Jeff Lynne's ELO, "Alone in the Universe" (Columbia)
Lynne's resurrected ELO shares plenty of similarities with the U.K. band that he led to '70s pop dominance with 19 Top-40 hits. But there is one crucial difference. Back then, nobody did excess quite like the Electric Light Orchestra. In contrast, the first ELO album since 2001 wears its pop-rock pomp lightly.
When Lynne cofounded ELO in the early '70s, the progressive-rock era was dawning, the Beatles had just broken up, and anything seemed possible. Combining rock and classical music? Why not? ELO went for it in a big way, crafting elaborate melodies layered with instruments — not just keyboards that sounded like orchestras, but full-on string and brass sections.
In the '80s and '90s, Lynne focused on producing, working on albums by Tom Petty, George Harrison, Paul McCartney and Roy Orbison. He also joined Petty, Harrison, Orbison and Bob Dylan in the bestselling supergroup the Traveling Wilburys.
Much of it was technically impressive but emotionally anonymous — Lynne rarely revealed much of himself through his work. His songs were self-effacing to a fault, grasping for universal themes wrapped in sumptuous three- and four-minute packages of melody. But there's a wistfulness to "Alone in the Universe" that works well with his expertly sculpted chord progressions. "When I Was a Boy" underlines that music was Lynne's lifeline while growing up in Birmingham, England. He was born to live in recording studios, with a need to conjure melodies as transformative as the ones that poured from his radio.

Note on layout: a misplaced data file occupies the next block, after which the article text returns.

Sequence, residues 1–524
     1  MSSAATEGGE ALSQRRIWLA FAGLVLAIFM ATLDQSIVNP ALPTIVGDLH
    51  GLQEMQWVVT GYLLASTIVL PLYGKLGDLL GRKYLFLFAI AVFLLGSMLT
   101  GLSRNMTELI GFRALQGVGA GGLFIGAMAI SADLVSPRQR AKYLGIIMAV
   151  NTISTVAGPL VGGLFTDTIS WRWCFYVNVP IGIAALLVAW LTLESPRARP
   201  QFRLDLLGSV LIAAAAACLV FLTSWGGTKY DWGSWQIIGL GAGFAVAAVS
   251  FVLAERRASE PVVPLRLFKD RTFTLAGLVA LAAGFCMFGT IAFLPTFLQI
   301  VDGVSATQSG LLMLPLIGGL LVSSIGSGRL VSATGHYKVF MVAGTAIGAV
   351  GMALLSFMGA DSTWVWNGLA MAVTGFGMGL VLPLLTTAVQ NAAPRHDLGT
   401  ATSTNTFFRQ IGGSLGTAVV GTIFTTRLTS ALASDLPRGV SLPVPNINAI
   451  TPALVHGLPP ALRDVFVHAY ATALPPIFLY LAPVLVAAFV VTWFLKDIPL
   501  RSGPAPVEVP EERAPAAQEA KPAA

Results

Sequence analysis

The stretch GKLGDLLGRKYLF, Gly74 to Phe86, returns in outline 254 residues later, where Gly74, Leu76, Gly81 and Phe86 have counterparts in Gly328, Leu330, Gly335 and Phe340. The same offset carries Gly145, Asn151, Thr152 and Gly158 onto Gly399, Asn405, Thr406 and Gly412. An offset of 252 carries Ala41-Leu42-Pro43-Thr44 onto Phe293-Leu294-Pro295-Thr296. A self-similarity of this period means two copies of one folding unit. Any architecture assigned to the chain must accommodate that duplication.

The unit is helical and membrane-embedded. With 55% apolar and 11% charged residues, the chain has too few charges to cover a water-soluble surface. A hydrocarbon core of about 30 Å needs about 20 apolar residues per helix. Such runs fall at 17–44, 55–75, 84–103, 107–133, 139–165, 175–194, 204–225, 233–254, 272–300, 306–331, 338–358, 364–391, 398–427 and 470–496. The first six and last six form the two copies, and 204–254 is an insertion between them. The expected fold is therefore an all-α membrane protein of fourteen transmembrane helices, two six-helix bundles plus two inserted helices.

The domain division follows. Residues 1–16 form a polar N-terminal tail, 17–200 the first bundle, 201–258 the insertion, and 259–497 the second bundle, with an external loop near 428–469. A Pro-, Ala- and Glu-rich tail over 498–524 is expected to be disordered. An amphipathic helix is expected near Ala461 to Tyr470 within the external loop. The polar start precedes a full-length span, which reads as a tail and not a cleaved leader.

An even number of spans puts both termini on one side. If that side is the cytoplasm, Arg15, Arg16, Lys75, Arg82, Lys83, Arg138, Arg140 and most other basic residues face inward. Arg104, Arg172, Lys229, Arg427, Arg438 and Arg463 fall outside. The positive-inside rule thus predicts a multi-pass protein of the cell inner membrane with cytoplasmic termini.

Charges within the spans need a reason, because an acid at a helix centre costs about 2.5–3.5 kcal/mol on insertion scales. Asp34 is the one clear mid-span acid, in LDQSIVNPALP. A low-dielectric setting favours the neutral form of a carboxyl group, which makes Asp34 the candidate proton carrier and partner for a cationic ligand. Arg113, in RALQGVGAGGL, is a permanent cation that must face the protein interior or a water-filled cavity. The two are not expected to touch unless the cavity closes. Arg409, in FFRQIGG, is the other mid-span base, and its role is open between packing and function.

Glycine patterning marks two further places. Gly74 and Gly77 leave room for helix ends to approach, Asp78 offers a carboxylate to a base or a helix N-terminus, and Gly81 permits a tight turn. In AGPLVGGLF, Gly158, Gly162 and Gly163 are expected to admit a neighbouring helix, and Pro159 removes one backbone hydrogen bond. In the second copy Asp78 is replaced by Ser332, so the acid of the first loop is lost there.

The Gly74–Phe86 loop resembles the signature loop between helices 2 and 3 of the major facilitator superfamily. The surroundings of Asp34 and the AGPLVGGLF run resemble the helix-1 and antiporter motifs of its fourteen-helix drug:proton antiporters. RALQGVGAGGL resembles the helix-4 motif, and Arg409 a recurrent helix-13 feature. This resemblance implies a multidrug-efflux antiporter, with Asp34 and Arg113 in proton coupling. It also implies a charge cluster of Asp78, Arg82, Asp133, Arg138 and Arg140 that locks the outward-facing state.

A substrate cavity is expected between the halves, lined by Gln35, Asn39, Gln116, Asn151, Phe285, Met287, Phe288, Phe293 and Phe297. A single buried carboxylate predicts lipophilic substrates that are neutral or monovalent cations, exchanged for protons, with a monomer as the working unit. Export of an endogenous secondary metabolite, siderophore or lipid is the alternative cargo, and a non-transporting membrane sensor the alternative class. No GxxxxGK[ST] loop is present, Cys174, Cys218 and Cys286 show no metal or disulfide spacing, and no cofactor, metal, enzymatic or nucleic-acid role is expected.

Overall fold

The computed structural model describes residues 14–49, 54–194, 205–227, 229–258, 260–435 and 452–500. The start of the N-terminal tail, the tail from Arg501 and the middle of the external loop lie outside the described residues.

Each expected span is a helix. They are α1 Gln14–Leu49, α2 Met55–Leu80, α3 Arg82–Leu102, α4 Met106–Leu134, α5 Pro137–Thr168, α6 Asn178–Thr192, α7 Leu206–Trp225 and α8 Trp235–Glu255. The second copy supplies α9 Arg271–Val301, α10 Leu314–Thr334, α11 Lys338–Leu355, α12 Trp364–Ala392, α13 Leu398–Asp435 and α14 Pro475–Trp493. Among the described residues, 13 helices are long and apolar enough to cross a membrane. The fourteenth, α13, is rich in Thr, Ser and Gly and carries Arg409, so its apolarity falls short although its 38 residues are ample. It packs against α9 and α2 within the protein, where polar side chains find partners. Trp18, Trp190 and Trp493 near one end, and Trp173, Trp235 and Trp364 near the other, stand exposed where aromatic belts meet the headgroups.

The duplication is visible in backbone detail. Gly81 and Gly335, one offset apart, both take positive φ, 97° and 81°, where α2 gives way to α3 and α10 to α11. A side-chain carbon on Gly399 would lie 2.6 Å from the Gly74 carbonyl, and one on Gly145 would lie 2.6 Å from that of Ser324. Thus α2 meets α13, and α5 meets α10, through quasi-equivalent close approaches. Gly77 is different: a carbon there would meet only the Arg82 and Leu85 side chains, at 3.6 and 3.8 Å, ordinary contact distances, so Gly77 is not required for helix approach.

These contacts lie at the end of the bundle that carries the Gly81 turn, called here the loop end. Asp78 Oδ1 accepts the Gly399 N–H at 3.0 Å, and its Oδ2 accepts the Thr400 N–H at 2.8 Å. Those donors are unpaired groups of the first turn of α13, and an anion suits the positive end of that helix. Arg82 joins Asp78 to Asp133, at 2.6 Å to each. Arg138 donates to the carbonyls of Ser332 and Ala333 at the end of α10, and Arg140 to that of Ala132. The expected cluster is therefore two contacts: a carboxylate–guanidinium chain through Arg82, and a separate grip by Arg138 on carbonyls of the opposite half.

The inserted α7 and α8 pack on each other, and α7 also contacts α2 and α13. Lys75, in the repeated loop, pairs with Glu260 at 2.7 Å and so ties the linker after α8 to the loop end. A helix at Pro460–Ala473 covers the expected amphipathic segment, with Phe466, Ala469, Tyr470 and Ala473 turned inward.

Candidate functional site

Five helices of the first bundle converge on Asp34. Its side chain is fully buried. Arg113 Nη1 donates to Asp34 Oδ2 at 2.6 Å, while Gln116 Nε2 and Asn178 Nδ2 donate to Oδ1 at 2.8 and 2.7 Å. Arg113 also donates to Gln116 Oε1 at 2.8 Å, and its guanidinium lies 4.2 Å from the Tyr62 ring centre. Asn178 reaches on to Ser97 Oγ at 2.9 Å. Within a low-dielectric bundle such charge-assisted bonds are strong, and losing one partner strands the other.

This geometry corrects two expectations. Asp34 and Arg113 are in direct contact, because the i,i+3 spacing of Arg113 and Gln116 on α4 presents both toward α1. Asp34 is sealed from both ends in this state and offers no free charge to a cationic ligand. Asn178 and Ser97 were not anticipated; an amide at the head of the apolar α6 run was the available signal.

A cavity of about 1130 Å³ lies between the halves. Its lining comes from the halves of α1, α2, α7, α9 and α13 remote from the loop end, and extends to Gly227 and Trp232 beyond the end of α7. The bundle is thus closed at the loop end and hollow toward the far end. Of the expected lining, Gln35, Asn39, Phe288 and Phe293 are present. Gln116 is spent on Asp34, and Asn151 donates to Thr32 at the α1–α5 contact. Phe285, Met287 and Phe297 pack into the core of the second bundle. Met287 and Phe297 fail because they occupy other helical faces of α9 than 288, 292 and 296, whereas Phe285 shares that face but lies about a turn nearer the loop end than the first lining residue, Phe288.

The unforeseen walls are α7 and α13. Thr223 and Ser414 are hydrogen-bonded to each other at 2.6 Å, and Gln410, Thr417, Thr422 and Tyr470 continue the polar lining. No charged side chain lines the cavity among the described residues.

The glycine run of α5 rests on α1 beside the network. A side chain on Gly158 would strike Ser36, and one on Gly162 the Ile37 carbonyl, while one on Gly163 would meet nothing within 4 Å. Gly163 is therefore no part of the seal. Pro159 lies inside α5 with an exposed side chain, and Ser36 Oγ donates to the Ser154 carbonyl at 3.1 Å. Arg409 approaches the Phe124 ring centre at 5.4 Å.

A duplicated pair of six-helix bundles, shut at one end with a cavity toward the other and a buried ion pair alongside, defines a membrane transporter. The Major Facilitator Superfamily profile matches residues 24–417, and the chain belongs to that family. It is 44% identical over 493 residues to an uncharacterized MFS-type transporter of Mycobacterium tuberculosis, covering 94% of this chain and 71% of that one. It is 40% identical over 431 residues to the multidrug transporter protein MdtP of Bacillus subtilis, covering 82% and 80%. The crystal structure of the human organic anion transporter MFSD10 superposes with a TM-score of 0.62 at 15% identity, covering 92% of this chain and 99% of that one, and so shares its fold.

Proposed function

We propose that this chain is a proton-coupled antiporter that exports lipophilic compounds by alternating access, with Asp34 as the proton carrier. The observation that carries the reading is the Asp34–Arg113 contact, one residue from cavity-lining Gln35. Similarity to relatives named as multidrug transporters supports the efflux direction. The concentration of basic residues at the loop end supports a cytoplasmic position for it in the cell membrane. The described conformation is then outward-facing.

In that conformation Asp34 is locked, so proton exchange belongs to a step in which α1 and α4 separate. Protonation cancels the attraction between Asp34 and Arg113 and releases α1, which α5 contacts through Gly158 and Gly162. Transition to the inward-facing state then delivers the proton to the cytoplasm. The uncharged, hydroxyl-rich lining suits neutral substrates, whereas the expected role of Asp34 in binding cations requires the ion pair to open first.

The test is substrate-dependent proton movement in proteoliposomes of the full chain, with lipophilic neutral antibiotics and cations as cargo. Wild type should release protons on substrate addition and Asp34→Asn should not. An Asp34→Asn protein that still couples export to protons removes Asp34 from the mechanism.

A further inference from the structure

The one-man orchestra touches on gospel ("Love and Rain"), disco ("One Step at a Time") and the operatic ballads of his late friend Orbison ("I'm Leaving You"). His guitar playing isn't showy, but masterfully subtle: the contrast between chunky rhythm and lighter, more elegant phrasing on "Love and Rain"; the brief but elegiac solo in the title track; the call-and-response between the singer's vocal and guitar in the chorus of "One Step at a Time."
ELO was loved and reviled for the ear candy it routinely dished out in its heyday, and Lynne retains his talent for assembling little sonic forgot-me-nots. But he pulls back on the extravagance to create something a touch more personal and concise: 10 songs in under 40 minutes. This is high-end craft from a 67-year-old studio pro with a charming tinge of melancholy in his voice.
Greg Kot, Chicago Tribune
U.S. Girls, "Half Free" (4 AD )
U.S. Girls is the one-woman project of Toronto songwriter Meg Remy. When she was recording for the Siltbreeze label in the mid-'00s, Remy specialized in dense, sculpted walls of noise. U.S. Girls shows consisted mainly of her unleashing a fury by twisting knobs and pushing foot pedals. "Half Free," however, is something else, and Remy opens up her sound to more accessible rock sounds while confronting the pop patriarchy with artful zeal. "Sed Knife" kicks particularly hard; "Red Comes in Many Shades" is suitably creepy guitar-noir.
Remy writes effectively in character on first-person narratives like "Damn That Valley," inspired by a Sebastian Junger book of combat journalism, and "Woman's Work," a Springsteenian tale in which she gives voice to a woman addicted to plastic surgery. Dub reggae and girl-group pop influences course through "Half Free," but Remy's sound is wholly her own.
Dan DeLuca, Philadelphia Inquirer